I have been catching up on blog reading after a lapse due to portfolio compiling and other things. While catching up with what Graham has been writing I came across this post so thought I’d check out the track …. its from Leonard Cohen and it’s simply beautiful.
I’ve just discovered Rachel Chesney via Naked Pastors blog and love the sound she creates … a strength which is quite vulnerable, if that makes any sense at all?
I don’t really need to add anything to what the pastor says on his blog …. apart from echoing you could download this for free – but don’t…. please pay for it.
Go listen here!
Along with many others I have been reading, and enjoying, Curating Worship by Jonny. I have particularly enjoyed reading it as it draws from many people who are involved, or rather live in, the world of creative worship and of re imagining church.
Many have blogged about the book already (I am quite slow off the mark) but I particularly like and agree with Ian’s encompassing comment: ‘what this book emphasises is that this form of worship is a skill, and needs much thinking and engagement with theological thinking, engagement with metaphorical meaning, liturgy and ritual.’
I have been both excited and challenged as I have read this. It has caused me to start to think more deeply about the how and why we do the things we do at the gathering. Some parts of the book have resonated stronger than others; one in particular being that the art of (curating) worship has something to do with leaving space for people to discover the reality of God and how they can engage with whatever is being considered for themselves.
I guess this counters the frustration I have with the style of church worship that I (we?) have grown up with where a person ‘in authority’ decides what a bible passage means and what we need to ‘go away with’ and then sets up activities or preaches a sermon so that we all arrive at the same place with the same conclusion.
I am starting to feel everything needs to be a little more open, a little more permission giving so that we can really hear what it is that God wishes to share with us. I guess it has amazed me for the last few years that we speak of a ‘great big God’ and a God that do anything and is all powerful …. and yet we try to confine God and cause God to act in a way that we want God to act.
If God is so big and so mighty why do we feel a need to control so that we all believe the same? Surely, if God is so big and great, then God can get the message across if we allow the space for God to do so? For this to happen, I wonder whether our worship needs to be more open ended rather than aiming to get people to a particular ‘point’.
I think (hope!) that is what we are trying to do in the gathering. I think we are trying to allow people to discover God in their lives and where they are and so respond in a way that is meaningful to them. I think there is a desire that we plan to allow God to find us where we are.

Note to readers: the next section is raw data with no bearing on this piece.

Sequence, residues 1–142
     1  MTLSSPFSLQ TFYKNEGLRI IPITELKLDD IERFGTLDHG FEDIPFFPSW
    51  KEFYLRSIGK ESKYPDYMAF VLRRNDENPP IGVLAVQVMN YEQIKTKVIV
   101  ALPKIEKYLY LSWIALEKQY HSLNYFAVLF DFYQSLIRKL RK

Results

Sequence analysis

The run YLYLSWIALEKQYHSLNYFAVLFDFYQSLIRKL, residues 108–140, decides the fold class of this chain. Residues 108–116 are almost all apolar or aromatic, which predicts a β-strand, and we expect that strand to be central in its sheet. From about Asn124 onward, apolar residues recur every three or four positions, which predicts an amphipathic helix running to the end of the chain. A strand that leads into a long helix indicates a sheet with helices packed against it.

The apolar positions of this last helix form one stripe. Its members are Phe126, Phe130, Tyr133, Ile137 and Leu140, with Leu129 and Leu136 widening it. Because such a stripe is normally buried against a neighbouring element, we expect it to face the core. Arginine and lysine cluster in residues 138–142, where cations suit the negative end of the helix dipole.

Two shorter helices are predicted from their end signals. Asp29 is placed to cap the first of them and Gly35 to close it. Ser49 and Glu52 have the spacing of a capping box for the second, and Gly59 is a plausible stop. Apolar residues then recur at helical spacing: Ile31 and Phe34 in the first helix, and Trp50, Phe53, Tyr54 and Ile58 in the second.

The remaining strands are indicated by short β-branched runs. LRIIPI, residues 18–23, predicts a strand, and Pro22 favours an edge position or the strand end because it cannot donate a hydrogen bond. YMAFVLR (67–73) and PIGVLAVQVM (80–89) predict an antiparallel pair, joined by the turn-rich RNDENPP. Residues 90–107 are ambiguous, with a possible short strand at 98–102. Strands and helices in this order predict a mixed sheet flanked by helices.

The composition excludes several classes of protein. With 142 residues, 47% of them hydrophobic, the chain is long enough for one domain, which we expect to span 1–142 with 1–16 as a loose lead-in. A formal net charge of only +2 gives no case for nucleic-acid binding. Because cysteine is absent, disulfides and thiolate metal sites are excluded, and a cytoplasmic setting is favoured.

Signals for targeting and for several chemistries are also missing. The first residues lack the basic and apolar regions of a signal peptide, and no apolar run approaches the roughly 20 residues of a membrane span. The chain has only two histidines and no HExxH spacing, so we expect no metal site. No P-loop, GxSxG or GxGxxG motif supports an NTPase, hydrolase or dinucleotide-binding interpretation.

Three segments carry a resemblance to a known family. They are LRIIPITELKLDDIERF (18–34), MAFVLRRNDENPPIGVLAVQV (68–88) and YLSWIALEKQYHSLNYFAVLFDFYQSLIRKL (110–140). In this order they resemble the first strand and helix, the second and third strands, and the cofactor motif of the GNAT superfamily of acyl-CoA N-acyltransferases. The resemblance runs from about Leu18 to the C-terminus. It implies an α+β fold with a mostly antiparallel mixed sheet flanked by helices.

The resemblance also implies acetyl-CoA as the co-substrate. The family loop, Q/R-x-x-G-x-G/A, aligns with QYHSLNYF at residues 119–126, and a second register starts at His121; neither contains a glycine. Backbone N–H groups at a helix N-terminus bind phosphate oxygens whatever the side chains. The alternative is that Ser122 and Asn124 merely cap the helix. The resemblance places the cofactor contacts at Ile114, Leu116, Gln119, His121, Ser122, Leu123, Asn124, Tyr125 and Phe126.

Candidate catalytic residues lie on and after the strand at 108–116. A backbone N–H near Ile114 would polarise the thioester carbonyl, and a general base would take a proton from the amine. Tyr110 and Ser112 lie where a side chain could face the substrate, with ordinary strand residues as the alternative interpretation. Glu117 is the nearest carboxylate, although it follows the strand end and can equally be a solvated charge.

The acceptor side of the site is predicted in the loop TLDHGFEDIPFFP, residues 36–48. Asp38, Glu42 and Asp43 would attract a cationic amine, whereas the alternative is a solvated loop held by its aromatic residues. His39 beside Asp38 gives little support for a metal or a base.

Sometimes this is confusing to explain and a lot of time we don’t get it … but I do think it is a healthy kind of confusion.
A while ago I wrote about the condemnation of others for not fitting with our reading of certain doctrines or for not fitting with our assumed lifestyles. Certainly the gathering, the developing christian community that I am part of, strongly believes how we live our faith is far more important than what we believe. You can fairly easily believe ‘God is love’ and ‘Jesus is the only way’ but if you treat people that disagree with you with contempt and ridicule or refuse to even talk to them, then I would say something of the gospel ‘good news of acceptance and love’ has been lost.
A few months ago I found myself in a coffee shop talking to a young woman who was passing through Rochester. This woman is a Christian although she has not been able to settle in an established church set up. This has a lot to do with the fact that this Christian woman also happens to be a lap dancer. Churches that she has tried to join have condemned her because of her job and way of life. When she first became a Christian she gave up her job, because others in the church told her it was wrong, and tried to get other jobs. People told her that God would provide other things to make money for her and her young daughter, but as she tried living in the way others suggested, church after church offered little support and eventually other work was provided …. in another lap dancing club.
The way she spoke of God showed me that without a doubt this woman has a thriving relationship with the living God. She was clearly in love with the God who created her and spoke of Jesus in a way that I have not heard anyone talk in a long while. I felt that her trust in Jesus was incredibly strong. This young woman understood God’s grace, she understood she was loved and she longed for a christian community to accept her fully. I don’t know where she is today but I fear she is alone and living her Christian life outside of Christian community.
I was reminded of this woman during the summer when I read a report in the Independent newspaper on lap dancing outlining research that showed 40% of lap dancers in the UK have a uni degree or are studying for one. I personally thought the article was glamourising or missing the real issue and I must admit I am of a similar mind to Amy Jenkins who responds in the opinion section of the newspaper that irrespective of education lap dancing is degrading. I believe that to be the case but ….